AccuWeather meteorologists expect the current El Niño to last into the first part of 2016.
El Niño will bring everything from beneficial rain to floods and drought to Latin America.
The long-lasting, warmer-than-average water temperature in the tropical Pacific is the main engine for El Niño. El Niño tends to increase the number tropical systems in the Pacific and in some cases stronger systems, while diminishing the number of systems in the Atlantic. Despite the higher numbers of storms in the Pacific, this does not necessarily imply more landfalls along the western coast of the Mexico mainland.
According to AccuWeather Chief International Meteorologist Jason Nicholls, routine weather patterns are also affected in the Americas.
"During a strong El Niño, as we expect this time, we tend to see a number of extreme weather conditions," Nicholls said. "These conditions can significantly affect agriculture and way of life."
The warm-than-average water produced during an El Niño tends to disturb the marine food chain along the Peruvian coast, which can have a significant effect on the fishing industry in Peru.
The current El Niño is strong and is likely to get even stronger in the coming months.
In some areas, excessive rain can lead to flooding.
"One area of concern for flooding as El Niño strengthens and peaks is from northern Argentina to Uruguay and southern Brazil," Nicholls said.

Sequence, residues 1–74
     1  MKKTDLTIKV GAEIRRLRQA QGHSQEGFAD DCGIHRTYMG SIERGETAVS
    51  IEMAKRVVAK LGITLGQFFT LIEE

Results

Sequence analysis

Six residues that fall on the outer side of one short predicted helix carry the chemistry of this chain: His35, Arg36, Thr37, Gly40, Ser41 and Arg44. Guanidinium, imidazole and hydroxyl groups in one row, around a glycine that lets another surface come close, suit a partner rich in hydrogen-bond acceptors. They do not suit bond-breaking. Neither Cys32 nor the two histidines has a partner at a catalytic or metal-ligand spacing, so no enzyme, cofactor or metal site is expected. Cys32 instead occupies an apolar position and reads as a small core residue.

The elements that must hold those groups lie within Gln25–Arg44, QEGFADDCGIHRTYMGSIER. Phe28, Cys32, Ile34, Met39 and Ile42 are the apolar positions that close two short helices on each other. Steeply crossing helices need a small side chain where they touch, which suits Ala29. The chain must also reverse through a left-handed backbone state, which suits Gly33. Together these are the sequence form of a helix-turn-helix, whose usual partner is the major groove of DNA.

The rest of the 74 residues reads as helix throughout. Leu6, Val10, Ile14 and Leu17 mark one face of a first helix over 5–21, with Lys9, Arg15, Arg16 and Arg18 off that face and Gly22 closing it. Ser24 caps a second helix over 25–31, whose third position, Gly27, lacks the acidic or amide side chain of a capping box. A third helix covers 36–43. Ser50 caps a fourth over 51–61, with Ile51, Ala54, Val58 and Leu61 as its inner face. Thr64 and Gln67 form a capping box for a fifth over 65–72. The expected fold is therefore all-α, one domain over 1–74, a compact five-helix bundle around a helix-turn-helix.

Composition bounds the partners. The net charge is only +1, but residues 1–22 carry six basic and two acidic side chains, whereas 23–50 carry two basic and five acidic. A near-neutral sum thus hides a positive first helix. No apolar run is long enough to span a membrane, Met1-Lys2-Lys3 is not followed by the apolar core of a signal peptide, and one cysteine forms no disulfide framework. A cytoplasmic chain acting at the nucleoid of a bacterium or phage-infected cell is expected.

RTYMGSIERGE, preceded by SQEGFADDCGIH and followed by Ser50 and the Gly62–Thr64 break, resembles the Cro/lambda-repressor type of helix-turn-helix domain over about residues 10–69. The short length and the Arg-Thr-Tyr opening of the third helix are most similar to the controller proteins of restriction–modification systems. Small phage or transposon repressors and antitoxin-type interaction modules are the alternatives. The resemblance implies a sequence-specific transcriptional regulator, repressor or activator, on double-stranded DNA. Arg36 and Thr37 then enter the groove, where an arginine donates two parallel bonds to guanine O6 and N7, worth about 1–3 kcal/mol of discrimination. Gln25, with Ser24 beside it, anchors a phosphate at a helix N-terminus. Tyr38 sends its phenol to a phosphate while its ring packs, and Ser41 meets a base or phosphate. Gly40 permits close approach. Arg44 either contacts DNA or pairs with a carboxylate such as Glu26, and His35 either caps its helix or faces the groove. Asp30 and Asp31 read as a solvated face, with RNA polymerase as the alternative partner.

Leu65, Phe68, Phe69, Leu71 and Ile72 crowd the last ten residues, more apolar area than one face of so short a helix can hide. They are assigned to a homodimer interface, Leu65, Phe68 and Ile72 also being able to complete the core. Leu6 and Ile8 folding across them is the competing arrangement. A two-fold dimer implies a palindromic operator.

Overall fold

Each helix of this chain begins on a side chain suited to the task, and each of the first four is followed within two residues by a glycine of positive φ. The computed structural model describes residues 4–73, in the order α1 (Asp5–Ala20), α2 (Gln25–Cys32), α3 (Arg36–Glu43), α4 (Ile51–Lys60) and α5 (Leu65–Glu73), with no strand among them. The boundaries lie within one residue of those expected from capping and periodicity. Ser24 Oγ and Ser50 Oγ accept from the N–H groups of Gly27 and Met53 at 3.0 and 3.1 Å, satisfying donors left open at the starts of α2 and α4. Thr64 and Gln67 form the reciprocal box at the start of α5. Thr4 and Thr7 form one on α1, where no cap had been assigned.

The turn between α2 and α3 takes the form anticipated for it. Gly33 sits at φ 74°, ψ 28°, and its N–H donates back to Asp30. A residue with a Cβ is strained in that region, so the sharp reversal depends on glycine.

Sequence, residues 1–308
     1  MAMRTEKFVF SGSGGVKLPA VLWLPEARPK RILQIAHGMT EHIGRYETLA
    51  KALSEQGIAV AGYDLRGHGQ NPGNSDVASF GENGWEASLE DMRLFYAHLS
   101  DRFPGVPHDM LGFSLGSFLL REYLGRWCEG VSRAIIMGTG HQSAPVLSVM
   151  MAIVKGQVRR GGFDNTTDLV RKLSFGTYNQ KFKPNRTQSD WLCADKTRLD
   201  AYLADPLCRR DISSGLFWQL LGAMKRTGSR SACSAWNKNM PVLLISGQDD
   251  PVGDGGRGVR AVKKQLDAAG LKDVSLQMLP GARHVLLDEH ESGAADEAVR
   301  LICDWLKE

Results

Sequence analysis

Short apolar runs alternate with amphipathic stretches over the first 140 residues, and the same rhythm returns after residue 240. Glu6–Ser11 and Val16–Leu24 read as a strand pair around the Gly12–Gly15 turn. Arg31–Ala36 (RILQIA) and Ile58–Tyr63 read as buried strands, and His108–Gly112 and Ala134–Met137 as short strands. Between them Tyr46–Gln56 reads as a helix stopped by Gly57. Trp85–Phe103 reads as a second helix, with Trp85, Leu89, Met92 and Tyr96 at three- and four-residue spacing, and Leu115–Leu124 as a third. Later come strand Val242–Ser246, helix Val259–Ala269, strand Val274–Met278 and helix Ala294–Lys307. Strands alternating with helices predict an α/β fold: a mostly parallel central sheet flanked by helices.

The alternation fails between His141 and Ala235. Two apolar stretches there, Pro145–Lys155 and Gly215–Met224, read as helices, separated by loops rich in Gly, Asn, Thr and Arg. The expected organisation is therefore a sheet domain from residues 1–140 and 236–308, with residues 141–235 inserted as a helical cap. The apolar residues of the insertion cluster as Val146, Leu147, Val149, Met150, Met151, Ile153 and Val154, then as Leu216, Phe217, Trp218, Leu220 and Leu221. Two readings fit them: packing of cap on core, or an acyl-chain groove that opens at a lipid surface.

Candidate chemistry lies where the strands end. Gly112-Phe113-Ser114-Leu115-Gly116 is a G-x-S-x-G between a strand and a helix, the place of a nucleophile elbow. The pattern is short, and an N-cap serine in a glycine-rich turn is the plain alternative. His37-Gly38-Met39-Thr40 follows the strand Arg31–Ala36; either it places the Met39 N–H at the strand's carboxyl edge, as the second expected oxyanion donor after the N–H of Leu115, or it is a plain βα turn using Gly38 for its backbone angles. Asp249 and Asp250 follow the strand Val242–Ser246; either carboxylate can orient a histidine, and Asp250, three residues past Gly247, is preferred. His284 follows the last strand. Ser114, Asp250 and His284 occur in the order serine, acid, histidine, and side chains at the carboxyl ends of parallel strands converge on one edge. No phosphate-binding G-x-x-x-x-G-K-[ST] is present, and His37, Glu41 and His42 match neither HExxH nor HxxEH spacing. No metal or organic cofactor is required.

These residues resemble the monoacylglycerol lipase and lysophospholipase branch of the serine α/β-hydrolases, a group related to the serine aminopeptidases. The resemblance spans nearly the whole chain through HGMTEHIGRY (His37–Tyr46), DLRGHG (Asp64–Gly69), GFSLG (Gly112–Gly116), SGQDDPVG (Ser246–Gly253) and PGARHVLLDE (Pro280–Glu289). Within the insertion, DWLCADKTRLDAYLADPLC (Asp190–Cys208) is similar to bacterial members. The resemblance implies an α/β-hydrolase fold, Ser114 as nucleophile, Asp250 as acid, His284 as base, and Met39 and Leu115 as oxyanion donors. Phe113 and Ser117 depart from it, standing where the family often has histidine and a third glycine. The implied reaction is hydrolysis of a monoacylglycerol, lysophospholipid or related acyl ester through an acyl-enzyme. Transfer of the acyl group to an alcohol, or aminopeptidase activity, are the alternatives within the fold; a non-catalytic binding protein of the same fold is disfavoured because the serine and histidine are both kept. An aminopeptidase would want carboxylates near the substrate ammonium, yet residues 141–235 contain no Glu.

Incidents of heavy snow will occur in the the southern Andes Mountains.
Meanwhile, enough rain could fall to ease dry conditions for some areas or provide beneficial rain for drought-stricken regions such as Chile.
From now and into the Southern Hemisphere's spring [September], an uptick in systems bringing rain is expected for central Chile.
"There have been sporadic episodes of rain reaching as far north as central Chile during July, but by August we expect more substantial rains in that area," Nicholls said.
Chile has been experiencing drought for about the last 10 years with rainfall less than 50 percent of normal.
According to AccuWeather Meteorologist Anthony Sagliani, "This year's El Niño could rival that of 1997-98, which was one of the strongest on record."
"While El Niño is likely to have a positive impact on the drought, it is not likely to completely break the drought moving forward during the next six to nine months," Sagliani added.
Through March 2016 or so, below-average rainfall is forecast from central Brazil to much of the Caribbean islands and southeastern Mexico. These areas can expect drought to develop or get worse.
From September through March, some wet weather is likely to expand southeastward from Mexico into part of the Central America. However, during the expansion of the moisture, the amount of rain will tend to taper off toward Nicaragua and Cuba. While rainfall in these areas will trend toward normal, this translates to rather limited rainfall in the long run.
This will occur as a plume of moisture is directed in from the Pacific, across a large part of Mexico and into the southern United States on a frequent basis to parts of central and southern North America on occasion.
During the Southern Hemisphere's summer [December to March], the dry weather will persist from much of Columbia to central Brazil. Despite the summer season, thunderstorm activity may be very limited over much of the Amazon River basin. Meanwhile, much of Ecuador and northern Peru could turn wet. The area of near-average rainfall will expand farther south, while southern Chile and southern Argentina will tend to stay wet.